Home antibody tests available for up to 8,000 people a day.
- UK Health Security Agency to launch UK-wide antibody surveillance programme for the general public for the first time
- Home antibody tests available for up to 8,000 people a day across the UK who opt in to the service through NHS Test and Trace
- Data will improve understanding of the protection provided by antibodies generated following COVID-19 infection and vaccination
Thousands of adults a day will be given free access to antibody tests through a new national surveillance programme launched by the UK Health Security Agency next week, to help improve our understanding of immunity against COVID-19 from vaccination and infection.
For the first time, the programme will offer antibody testing to adults in the UK who test positive. From Tuesday, anyone aged over 18 will be able to opt in to take part when booking a PCR test through NHS Test and Trace. Up to 8,000 people who opt in and then receive a positive PCR result will be sent two finger prick antibody tests to complete at home and send back to a lab for analysis.
The UK Health Security Agency will work alongside NHS Test and Trace testing services in England, Scotland, Wales and Northern Ireland to monitor levels of antibodies in positive cases across the UK. The data collected will help estimate the proportion of those who got COVID-19 despite developing antibodies as a result of having a vaccine or previously catching coronavirus.
The initiative could also provide insight into any groups of people who do not develop an immune response. The UK Health Security Agency will use the data to inform our ongoing approach to COVID-19 and provide further insight into the effectiveness of the vaccines against different variants.
Secretary of State for Health and Social Care Sajid Javid said:
All adults interested in the study are encouraged to opt in. Anyone taking part must take their first antibody test as soon as possible after receiving a positive PCR result, before the body has had time to generate a detectable antibody response to the current infection. The first test will determine the level of antibodies a person had before their current infection.
The second test should be taken 28 days after testing positive for COVID-19 and will measure antibodies generated in response to the infection. By comparing the two antibody test results, the UK Health Security Agency will be able to see how well vaccinated individuals boost their immunity when they are infected and how this might vary with different variants.
Testing positive for antibodies does not mean someone is immune from COVID-19 and people must continue to follow the rules, get tested if they have symptoms and self-isolate if positive or are a contact of a positive case and have not received both vaccine doses, to prevent the virus from spreading.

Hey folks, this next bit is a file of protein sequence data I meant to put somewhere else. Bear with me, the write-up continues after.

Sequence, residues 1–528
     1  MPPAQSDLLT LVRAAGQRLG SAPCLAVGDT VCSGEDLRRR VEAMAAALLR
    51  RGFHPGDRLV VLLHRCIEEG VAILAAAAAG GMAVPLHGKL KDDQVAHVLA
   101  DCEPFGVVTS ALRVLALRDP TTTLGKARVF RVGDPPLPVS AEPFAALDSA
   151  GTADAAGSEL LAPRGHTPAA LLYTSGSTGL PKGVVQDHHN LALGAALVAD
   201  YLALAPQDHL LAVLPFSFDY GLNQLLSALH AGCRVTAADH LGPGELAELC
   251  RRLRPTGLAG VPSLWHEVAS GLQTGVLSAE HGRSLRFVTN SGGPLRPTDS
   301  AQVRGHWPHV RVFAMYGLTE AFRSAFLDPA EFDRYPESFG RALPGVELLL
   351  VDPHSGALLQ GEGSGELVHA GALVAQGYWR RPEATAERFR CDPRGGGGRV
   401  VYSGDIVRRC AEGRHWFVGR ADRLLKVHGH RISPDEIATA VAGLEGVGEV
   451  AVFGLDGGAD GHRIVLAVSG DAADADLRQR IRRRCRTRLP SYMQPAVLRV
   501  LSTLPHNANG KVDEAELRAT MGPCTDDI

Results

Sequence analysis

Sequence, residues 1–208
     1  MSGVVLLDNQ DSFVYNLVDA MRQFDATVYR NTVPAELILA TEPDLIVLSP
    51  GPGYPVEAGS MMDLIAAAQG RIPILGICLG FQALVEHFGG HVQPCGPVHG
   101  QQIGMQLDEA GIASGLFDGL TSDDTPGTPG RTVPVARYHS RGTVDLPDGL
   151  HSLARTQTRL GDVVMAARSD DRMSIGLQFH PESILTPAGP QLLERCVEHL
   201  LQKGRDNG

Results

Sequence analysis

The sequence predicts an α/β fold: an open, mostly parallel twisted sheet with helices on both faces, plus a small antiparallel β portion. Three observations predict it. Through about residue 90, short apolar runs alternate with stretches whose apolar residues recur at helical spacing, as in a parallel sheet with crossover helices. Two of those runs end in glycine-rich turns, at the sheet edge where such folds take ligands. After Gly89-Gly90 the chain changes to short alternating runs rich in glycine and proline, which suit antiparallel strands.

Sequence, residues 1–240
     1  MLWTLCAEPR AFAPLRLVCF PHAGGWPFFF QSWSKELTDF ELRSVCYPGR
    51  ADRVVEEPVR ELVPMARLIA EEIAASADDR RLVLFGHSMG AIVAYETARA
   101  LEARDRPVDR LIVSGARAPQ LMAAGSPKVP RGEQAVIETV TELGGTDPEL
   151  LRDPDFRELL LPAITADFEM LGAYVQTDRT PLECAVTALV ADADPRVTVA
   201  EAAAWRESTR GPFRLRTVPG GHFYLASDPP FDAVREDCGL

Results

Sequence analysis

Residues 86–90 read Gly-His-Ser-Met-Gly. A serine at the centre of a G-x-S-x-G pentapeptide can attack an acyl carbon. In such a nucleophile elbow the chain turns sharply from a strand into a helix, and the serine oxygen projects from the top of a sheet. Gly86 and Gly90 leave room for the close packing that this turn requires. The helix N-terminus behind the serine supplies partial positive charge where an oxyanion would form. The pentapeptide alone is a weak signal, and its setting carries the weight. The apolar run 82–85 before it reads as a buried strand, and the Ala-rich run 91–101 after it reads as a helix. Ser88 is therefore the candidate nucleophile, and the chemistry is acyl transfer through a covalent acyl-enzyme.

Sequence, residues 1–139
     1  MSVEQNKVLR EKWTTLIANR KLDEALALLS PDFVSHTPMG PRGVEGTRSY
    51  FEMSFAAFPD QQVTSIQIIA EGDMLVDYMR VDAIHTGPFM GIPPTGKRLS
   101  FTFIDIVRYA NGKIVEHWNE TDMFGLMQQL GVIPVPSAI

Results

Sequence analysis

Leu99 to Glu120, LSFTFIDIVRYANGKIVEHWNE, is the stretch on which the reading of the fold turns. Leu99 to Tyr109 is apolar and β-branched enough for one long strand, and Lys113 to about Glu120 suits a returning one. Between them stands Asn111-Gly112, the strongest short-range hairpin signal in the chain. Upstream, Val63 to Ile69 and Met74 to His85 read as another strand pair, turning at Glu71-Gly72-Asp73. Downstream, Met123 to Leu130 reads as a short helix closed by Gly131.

Chief Executive of the UK National Health Security Agency Dr Jenny Harries said:
Dr Susan Hopkins, Public Health England’s COVID-19 Strategic Response Director said:
The NHS has guidance on what you can do to look after yourself and treat any symptoms you may have following a positive PCR result. It remains vital people continue to get a PCR swab test if they have symptoms and self-isolate when asked by NHS Test and Trace. Individuals should not change their behaviour based on an antibody result.
Antibodies are part of the body’s immune response to help fight off infection and are generated either after being infected or following vaccination. Antibody testing looks for evidence of this immune response, whereas PCR and antigen testing tells someone if they have the virus at the time of test.
Antibody testing will contribute to our understanding of the protection provided by vaccines. 87% of people aged 16 and over have now received their first COVID-19 vaccine dose and 76% have had their second dose.
The government is working closely with the NHS to make it as easy as possible to get a vaccine, including through ‘grab a jab’ pop-up vaccine sites across the country, such as London-based nightclub Heaven, as well as football stadiums and festivals up and down the country.
Advice and information on the benefits of vaccination have been shared at every opportunity, including through a range of partnerships with industries catering for predominantly younger audiences.
This work has included partnerships with high-profile entertainment and sports personalities on short films encouraging people to get the jab, such as film stars Jim Broadbent and Thandiwe Newton, and football figures Harry Redknapp and Chris Kamara.
The government has also partnered with dating apps, social media platforms and large companies, such as Uber and Deliveroo, on adverts and incentives to get the vaccine.
Secretary of State for Wales Simon Hart said:
Secretary of State for Northern Ireland Brandon Lewis said:
UK Government Minister for Scotland Iain Stewart said: